(902) 443-4345
dog- services

Dog Dental Care

Dental care is very important to the health and wellbeing of your pet. It is not about having a pretty smile although that is an added bonus. It is about prevention of disease in the mouth. Dogs are hard on their teeth, they investigate the entire world with their mouth. They chew on toys, chase balls and chew on favorite toys for hours and hours. They may play tug of war with another dog using their favorite rope toy. Left untreated gingivitis, tartar and gum recession occurs. Eventually, the support systems of the teeth give away as periodontal disease occurs. A diseased mouth is a painful mouth and dogs will do their very best to hide signs of pain. Broken teeth can lead to tooth root abscesses and sensitivity to hot and cold. Prevention is key.

Do I need to brush my dog’s teeth?

Home dental care is important to keeping your dog’s teeth and gums healthy. Approaches to how this takes place will vary based on your comfort level, the dog’s acceptance of the home dental care and your lifestyle. Ideally, dogs should have their teeth brushed once a day with a soft bristled toothbrush and toothpaste designed for pets. Human toothpaste contains fluoride which can’t be swallowed, so you should purchase pet toothpaste unless you can teach your dog how to spit! It is important to be careful when brushing so that you do not cause pain or jab the back of the mouth. Start gradually and make it a fun time to bond with your dog. Many dogs absolutely love getting their teeth brushed. The poultry flavoured toothpaste certainly helps. Other home dental care products include mouth rinses, dental diets, safe dental chew toys and dental treats. Our healthcare team will be more than happy to explain what options are available and will be a good fit for you and your dog.

I was told my dog needs a dental cleaning, what does that involve?

There are 4 stages of dental disease. Once tartar and gingivitis are well established in your dog’s mouth, home dental care will not be enough. It is important to have your dog’s teeth professionally cleaned to prevent dental disease from progressing. Untreated, it will progress. The goal is to intervene before pain and infection occur. Professional dentistry is performed under general anesthesia. The same professional scaling and polishing of the teeth that happens at your dentist will happen with your dog. Our Veterinary Technicians will remove tartar above the gumline and just below the gumline to help restore health to your pet’s mouth. We will probe the gumline to identify if there are any pockets forming which can indicate more advanced dental disease. Once your pet’s teeth have been polished and rinsed, the Veterinarian will perform an oral examination and review dental radiographs to assess if there is any disease hidden below the gum line. If there are any teeth that require extraction, an estimate will be provided for the procedure. A nerve block will be given to prevent pain and home pain medication will be dispensed as well. Antibiotics may be sent home as well. This is a day procedure and your dog will be home with you that evening after spending the day with us. Many pet owners are overjoyed when they see their dog playing with their toys again. They had not realized their dog was in pain. Once the dental disease was addressed and the pain is gone, their dog is chewing on toys again and happy as can be.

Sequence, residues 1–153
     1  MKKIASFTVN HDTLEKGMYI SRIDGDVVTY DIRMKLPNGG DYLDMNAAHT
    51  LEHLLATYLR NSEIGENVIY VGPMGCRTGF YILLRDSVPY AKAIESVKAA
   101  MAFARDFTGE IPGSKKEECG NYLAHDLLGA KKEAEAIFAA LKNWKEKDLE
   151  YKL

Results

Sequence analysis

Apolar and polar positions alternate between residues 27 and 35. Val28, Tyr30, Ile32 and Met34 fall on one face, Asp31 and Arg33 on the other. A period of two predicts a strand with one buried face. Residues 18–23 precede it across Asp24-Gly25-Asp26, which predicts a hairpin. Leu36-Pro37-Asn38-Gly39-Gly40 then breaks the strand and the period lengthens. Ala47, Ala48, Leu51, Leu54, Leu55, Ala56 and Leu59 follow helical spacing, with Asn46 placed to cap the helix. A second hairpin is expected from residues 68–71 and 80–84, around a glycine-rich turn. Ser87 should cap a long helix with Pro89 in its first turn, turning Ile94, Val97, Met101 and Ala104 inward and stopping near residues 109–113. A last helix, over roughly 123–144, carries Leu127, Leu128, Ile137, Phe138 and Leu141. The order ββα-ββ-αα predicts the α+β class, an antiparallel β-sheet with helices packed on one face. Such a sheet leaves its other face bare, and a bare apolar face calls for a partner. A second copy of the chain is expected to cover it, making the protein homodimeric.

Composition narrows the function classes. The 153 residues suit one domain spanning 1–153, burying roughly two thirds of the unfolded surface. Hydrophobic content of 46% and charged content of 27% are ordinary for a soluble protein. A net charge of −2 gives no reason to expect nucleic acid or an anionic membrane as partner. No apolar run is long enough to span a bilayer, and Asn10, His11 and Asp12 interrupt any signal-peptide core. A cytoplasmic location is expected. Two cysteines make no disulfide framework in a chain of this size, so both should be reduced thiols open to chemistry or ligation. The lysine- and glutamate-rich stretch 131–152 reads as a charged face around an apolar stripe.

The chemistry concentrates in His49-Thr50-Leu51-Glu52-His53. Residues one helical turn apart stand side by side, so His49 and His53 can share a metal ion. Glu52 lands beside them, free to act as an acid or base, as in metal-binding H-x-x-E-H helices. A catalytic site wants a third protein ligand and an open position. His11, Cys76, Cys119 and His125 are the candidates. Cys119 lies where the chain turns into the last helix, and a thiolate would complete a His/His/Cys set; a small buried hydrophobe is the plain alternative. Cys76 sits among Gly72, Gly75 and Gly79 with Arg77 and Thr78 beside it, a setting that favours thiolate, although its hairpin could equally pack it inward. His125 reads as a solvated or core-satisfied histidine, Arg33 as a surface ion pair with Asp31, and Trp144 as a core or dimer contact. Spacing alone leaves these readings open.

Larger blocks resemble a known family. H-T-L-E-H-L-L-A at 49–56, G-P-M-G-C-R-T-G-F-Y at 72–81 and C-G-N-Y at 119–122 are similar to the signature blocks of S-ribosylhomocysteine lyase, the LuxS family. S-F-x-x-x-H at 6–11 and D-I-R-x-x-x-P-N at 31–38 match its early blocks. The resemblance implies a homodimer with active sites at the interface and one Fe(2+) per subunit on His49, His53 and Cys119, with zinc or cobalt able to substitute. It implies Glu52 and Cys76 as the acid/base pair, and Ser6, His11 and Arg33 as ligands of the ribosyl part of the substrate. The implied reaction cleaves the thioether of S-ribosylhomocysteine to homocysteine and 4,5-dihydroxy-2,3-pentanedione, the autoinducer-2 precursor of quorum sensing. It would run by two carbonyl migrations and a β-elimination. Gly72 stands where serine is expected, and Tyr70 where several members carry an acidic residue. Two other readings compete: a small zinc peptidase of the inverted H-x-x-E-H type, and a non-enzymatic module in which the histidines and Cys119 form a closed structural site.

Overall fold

I am concerned about my dog having anesthesia for their dental cleaning. Can you do it with them awake?

In order for the teeth to properly be cleaned and assessed, the dog needs to be perfectly still. It is not just the tartar on the part of the tooth that you see we are concerned with. Bacteria, food, and saliva collect at the gumline and as the gum begins to detach from the tooth creating a pocket, tartar begins to form below the gum line. This continues to happen as the pocket gets deeper and deeper. This subgingival (below the gumline) tartar cannot be sufficiently scaled, polished and rinsed with the dog awake. Left untreated, oral disease progresses. Pets undergoing anesthesia for dental care have pre-anesthetic blood work performed to identify if there are other health concerns present. There is a skilled technician monitoring anesthesia the entire procedure. Your dog’s blood pressure, oxygen saturation, heart rate and respiratory rate are all closely monitored. In addition, an intravenous catheter is placed and your pet receives intravenous fluids as well. We take great pride in doing all we can to ensure your dog is well cared for during their stay.

I was thoroughly impressed with the entire staff of this vet in relation to my experience this week. My cat…

Melanie Trickett

I cannot say enough good things about this place! The staff are terrific - they are knowledgeable and compassionate. The…

Loreatha Boehner

Wonderful place. Dr Abraham is great...so kind and understanding..and has at times not charged an office visit if I was…

Ann Marie White

We love the Clayton Park Veterinary Hospital! Dr. Farrow is amazing; our furbaby, Lilly, has been seeing him since she…

Krystal Lowe

Clayton Park Vet has the best staff, we have been going to them for 16 years and have received nothing…

Cathy Lee

Blog

How Zoonosis Affects You and Your Pet

The definition of zoonosis is not the act of travelling to a zoo.  It is a term referring to the transmission of disease from one species to another.  An example of zoonosis would be roundworm.  Pets can carry roundworm.  Roundworms look like spaghetti and are very common in puppies and kittens.

Read More
See All Articles